This is an article we saw on Reddit by user betterwords and thought would be a good fit here. We do cover copywriting a lot here, but until now haven’t had a solid resource for learning copywriting. So we’re re-posting here.

In the article, the various methods and strategies to become an incredibly well paid copywriter are discussed. Take it away, betterwords!

So you wanna become a copywriter? Here’s my advice… This isn’t a job ‘anyone’ can do. You need to develop skills. You can start with no experience, but that doesn’t mean you’ll get paid. Plus a loophole to get around that problem.

Quick about me: I make a living as a copywriter. I do pretty well. I set my own schedule and make plenty for my family and I to live comfortably (wife and 1 year old daughter).

My whole schtick is targeting rational audiences with copy that is logically compelling. I want people to act in their best interest.

No manipulative bullshit. I’ve been able to generate fantastic results for my clients, so this somewhat contrarian approach seems to be working.

Yesterday I replied to the thread asking what everyone does and mentioned that I was a copywriter. I got a ton of DMs asking for information about learning how to do this.

When the first one came in, I was about to start writing an article for a site I’m working on where I hope to help people write better copy. In my head I’ve always been more focused on helping other entrepreneurs, but there is no reason the advice couldn’t help people become copywriters.

Since I needed inspiration for the article anyway, I went ahead and wrote one answering that first person’s question. By the time I logged on reddit last night, there were a bunch more people asking the same thing.

And today I had great feedback, including someone telling me to post it here. So here goes…

How To Become a Copywriter, Even If You Are Starting With No Experience

Copywriting can be an incredibly rewarding career.

I mean, the list of pros are pretty damn great:

  • You set your own schedule
  • You can work from anywhere that you want
  • The upside earnings potential is in the millions (for truly top-level talent)

Don’t get me wrong, it’s not all sunshine and rainbows.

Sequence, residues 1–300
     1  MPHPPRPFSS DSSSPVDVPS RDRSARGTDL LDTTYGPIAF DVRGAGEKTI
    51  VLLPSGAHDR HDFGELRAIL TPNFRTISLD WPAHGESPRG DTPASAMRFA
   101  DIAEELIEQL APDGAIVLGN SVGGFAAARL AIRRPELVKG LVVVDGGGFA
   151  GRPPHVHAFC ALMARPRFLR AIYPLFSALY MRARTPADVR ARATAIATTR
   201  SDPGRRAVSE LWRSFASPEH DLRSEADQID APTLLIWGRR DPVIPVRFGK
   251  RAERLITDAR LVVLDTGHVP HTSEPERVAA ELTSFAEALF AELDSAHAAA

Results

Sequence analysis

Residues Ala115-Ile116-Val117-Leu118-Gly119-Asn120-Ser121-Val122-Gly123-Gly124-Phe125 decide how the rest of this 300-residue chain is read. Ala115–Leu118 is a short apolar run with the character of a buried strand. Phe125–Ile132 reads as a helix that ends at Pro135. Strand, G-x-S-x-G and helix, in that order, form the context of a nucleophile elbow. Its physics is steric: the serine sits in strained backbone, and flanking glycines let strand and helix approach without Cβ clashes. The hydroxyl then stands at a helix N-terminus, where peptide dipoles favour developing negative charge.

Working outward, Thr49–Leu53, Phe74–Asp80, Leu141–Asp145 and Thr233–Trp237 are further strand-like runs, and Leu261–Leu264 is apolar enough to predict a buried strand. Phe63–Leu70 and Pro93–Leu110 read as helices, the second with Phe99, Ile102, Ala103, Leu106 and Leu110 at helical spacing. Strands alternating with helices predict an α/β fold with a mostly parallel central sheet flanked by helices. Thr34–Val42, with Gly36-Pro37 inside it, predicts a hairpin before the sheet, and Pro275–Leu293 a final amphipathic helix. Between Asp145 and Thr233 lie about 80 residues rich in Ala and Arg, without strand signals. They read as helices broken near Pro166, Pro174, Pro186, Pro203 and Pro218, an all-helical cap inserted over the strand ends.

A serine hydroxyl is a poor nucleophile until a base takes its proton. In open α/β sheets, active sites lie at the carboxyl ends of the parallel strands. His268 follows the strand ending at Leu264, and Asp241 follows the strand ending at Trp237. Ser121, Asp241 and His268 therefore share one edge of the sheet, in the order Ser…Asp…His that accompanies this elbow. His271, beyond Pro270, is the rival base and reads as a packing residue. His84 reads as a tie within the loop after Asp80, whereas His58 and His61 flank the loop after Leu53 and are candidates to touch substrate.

You’ll have to put in a lot of work before you earn a decent income. In the absence of a boss telling you what to do, basic tasks can feel overwhelming and hard to get done.

And setting your own schedule isn’t the same as working 4 hours a week and still making a living.

But again, the long-term upsides are fantastic if you can get past the initial hurdles.

I’m assuming that’s why ‘how can I do that too?’ is the most common response when I tell people what I do.

So here’s the deal…

If you’re going to do this, I want you to do it well.


The world doesn’t need any more half-assed writers churning out content because they think it’s their ticket to working by the beach in Thailand while sipping frozen drinks and lounging in a hammock.

There are dozens of other guides out there that will teach you how to get low-paying writing jobs with no experience at all.

They’ll make it abundantly clear that you can start with absolutely no writing skills, and then remind you of the future riches you may earn.

You can follow their advice, but you’ll get stuck in the rat race. Thousands of other people are reading those same articles that all rehash the same tips and tricks.

They then flood ‘freelancer sites’ like Upwork and Guru and Fiver, wondering why they’re stuck toiling away with extremely low-paying jobs.

So instead of teaching you the quickest way to make money by telling people you are a copywriter, I want to show you how to actually become a good copywriter.

There’s a big difference.

First things first…

What the hell is a copywriter, anyway?

I suppose the simplest answer is just someone who writes copy.

But that begs the question, what exactly is copy?

How To Become a Copywriter

What Is Copy?

If you look around the internet, almost everyone defines sales copy as the writing used to influence someone to make a sale. They’ll then dish out overused tips to write ‘ridiculously persuasive’ copy.

This view is too narrow. Writing great copy is more than just knowing how to write a persuasive sales page. It’s more than creating a compelling VSL. I’ve given this a lot of thought, and here’s a definition I’m comfortable with:

Good copy is the written implementation of a business’s marketing and branding strategy.

But what’s the difference between good and bad copy?